Hi Shinglekicker

Fluorescent energy saving bulbs are known to emit a small amount of UV light, but we are unaware of any potential damaging effect they could have when illuminating artwork.

We would suggest that an energy saving halogen spotlight could be used, or one of the new LED products that are becoming much more widespread. These offer the same performance or better over traditional bulbs while consuming significantly less energy.


Check out our range of Energy Saving Trust Recommended lighting in the link below to see which bulbs are the most efficient and energy saving http://www.energysavingtrust.org.uk/Find-Energy-Saving-Trust-Recommended-Products/browse/lighting/?tc=mseforumestr or call the advice line on 0800 512 012 and an advisor will be able to answer any further questions you have.

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I am the official company representative of Energy Saving Trust. MSE has given permission for me to post in response to queries about the company, so that I can help solve issues. You can see my name on the companies with permission to post list. I am not allowed to tout for business at all. If you believe I am please report it to forumteam@moneysavingexpert.com This does NOT imply any form of approval of my company or its products by MSE"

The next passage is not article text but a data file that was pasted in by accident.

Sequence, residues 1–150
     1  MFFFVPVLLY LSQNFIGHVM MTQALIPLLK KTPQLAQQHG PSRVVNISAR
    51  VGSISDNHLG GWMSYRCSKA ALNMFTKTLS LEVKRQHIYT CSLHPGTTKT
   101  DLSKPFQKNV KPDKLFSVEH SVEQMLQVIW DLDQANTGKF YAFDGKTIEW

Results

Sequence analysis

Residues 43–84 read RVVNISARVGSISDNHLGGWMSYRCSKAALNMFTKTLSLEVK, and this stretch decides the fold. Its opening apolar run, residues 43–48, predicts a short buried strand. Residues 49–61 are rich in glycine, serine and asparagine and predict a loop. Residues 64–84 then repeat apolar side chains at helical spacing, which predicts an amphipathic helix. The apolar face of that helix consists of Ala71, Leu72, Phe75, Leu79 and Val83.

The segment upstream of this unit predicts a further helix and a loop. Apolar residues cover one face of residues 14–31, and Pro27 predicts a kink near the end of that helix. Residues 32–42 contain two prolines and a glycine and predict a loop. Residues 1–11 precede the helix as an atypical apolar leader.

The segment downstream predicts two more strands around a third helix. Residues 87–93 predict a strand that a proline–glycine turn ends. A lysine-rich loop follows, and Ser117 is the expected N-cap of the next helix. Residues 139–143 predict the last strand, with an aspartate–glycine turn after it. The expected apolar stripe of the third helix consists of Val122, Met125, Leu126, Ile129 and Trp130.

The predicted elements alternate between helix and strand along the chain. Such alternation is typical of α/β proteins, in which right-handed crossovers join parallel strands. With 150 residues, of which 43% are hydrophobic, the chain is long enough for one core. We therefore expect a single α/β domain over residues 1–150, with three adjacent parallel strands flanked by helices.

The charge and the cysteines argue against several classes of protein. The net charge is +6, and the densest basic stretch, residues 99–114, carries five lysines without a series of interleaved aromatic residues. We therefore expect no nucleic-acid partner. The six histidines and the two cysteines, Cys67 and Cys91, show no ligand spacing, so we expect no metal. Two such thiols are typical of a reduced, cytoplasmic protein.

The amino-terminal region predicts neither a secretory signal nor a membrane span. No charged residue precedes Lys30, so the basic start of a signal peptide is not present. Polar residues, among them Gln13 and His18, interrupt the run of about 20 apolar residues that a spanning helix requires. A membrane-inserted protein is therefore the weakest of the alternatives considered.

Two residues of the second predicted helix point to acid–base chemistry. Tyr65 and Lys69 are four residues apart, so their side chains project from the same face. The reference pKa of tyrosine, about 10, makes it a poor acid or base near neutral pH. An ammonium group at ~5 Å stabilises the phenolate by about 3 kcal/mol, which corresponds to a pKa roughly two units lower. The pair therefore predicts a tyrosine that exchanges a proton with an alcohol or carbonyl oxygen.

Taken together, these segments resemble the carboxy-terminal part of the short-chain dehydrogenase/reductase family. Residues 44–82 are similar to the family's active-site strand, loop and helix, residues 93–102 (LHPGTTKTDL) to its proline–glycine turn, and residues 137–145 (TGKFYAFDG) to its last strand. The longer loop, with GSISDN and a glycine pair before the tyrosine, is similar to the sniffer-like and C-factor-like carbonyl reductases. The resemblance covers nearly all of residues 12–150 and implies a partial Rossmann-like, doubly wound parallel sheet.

Last edited by Energy Saving Trust company representative; 01-12-2010 at 3:27 PM.
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# 17
Energy Saving Trust company representative
Old 01-12-2010, 4:33 PM
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Quote: